Trying to emulate the marketing practices of large businesses is a major mistake. (And I’ll go into this more, shortly)
If you’re in the startup phase or a relatively unknown small business, then you’ll want to focus on direct response marketing to build sales momentum, but I digress.
Is There A Difference Between A Brand And A Brand Name?
There’s a lot of jargon around branding and it can seem more complicated than it actually is. And, you know, it’s even trickier because the definition of “a brand” has changed over time.
So let’s take a moment to head back to the slaughterhouses in the early 1900s to trace its roots. I know. Not pleasant. I’ll be quick.
Back then, cattle ranchers in the US started “branding” their animals with hot or branding irons so it would be easier to recognize the ranch each animal was from. And just like that, the word “brand” was born.
But over 100 years later, the meaning has changed, and now the mark burned onto the hide of a cow would fall into the “brand name” category. Why?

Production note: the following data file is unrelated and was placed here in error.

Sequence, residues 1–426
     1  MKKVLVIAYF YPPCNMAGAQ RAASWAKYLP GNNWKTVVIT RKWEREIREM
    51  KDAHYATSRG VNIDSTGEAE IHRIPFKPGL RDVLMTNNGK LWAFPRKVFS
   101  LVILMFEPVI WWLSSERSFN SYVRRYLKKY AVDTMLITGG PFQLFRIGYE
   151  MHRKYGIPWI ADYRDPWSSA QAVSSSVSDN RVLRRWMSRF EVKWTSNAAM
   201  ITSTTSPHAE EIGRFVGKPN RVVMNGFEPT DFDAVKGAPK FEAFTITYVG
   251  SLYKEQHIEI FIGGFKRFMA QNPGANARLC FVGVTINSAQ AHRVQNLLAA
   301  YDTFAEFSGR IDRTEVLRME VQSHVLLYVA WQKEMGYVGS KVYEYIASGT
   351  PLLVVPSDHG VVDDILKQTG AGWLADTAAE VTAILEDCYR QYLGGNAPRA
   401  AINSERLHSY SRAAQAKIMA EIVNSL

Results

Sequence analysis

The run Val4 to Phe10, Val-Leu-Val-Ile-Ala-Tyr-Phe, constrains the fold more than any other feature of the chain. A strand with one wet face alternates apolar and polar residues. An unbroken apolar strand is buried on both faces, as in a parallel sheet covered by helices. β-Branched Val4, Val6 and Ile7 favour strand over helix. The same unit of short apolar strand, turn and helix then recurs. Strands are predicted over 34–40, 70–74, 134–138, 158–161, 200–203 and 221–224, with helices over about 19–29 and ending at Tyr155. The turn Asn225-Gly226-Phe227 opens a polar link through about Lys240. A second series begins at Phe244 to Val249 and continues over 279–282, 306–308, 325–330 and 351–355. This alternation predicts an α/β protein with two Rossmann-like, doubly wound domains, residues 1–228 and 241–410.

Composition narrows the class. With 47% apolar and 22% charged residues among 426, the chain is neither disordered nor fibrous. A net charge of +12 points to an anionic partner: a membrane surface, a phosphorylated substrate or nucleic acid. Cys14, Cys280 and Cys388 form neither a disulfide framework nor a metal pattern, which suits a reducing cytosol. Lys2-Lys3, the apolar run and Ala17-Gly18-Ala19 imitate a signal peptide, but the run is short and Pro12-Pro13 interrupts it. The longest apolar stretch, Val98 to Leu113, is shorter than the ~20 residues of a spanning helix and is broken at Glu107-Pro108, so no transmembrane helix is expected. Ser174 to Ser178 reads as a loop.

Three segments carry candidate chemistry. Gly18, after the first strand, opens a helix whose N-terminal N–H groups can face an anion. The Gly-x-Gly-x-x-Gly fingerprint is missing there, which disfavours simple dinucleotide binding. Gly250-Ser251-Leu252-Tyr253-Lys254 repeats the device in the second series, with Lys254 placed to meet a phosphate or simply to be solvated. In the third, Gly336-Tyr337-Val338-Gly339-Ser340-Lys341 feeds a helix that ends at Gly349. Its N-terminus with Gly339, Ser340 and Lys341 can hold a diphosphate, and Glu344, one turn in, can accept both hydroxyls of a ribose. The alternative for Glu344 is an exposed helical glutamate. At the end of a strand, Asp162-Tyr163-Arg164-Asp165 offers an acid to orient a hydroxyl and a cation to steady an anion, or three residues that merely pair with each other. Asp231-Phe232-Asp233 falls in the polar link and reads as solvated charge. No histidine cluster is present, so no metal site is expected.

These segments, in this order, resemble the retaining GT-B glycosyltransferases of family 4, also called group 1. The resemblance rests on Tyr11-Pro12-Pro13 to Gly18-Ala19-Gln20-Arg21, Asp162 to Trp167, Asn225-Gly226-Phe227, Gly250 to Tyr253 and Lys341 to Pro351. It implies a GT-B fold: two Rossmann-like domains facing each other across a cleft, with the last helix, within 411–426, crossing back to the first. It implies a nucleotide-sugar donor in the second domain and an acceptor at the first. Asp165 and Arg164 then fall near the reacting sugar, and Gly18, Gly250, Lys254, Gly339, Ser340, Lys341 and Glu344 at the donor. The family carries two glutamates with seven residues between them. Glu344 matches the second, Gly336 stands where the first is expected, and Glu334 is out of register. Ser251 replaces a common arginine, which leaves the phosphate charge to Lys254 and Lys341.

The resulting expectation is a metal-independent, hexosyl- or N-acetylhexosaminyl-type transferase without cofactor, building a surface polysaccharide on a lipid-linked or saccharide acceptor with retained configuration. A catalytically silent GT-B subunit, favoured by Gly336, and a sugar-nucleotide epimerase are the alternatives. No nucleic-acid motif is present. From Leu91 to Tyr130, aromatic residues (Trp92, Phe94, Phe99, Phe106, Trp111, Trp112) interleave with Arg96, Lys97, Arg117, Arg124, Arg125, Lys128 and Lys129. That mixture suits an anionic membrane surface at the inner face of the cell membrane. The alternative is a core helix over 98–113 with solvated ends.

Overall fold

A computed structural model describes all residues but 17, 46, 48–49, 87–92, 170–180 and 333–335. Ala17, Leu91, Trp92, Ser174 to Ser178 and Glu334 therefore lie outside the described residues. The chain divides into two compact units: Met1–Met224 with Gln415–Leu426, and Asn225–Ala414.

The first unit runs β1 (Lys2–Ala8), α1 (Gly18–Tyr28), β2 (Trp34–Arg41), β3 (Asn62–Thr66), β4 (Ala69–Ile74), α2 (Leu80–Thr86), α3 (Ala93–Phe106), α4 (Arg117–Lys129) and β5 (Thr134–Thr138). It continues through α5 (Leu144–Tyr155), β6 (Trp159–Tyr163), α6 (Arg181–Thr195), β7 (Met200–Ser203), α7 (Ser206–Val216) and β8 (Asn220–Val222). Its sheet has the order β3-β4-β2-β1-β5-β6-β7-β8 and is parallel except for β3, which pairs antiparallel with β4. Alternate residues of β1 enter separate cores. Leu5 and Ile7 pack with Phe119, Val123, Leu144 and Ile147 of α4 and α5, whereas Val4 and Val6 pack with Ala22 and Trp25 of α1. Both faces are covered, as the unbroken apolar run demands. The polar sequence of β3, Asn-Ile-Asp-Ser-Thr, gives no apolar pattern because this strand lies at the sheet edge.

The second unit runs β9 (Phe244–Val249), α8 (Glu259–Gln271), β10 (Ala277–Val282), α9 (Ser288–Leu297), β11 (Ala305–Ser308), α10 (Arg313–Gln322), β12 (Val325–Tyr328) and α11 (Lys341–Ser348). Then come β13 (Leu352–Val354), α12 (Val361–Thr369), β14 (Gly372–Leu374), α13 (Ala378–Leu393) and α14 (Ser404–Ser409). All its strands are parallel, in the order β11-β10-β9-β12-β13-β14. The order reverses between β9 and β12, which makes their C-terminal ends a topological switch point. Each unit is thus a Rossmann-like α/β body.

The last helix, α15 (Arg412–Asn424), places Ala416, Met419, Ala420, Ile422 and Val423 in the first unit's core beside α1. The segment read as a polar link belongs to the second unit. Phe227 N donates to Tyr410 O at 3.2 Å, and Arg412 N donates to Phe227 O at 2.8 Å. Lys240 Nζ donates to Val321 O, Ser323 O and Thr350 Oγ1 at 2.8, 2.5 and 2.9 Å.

Because you can actually see it and identify it as a product deriving from a specific business, whether it’s on a website, packaging, information in a newsletter or blog, a cow, etc.
And now, “brand” is used to refer to the perception customers have about a product or service; it only exists in someone’s mind. So yeah, a brand’s name plays a part in this, but there’s a lot more.
Remember my definition of a brand? I see it as the personality of a business. It’s the first thing you think of, or how you feel, when you see a logo or hear its name.
- Tiffany’s packaging—the little, robin-egg blue box (romance? special moments? wealth?)
- YouTube (entertainment? entrepreneurship? stardom?)
- Nike (speed? fashion? controversy?)
- Coca-cola (nostalgia? celebration? pleasure?)
So brand and brand names are totally different. Now let’s move on.
What is Brand Equity?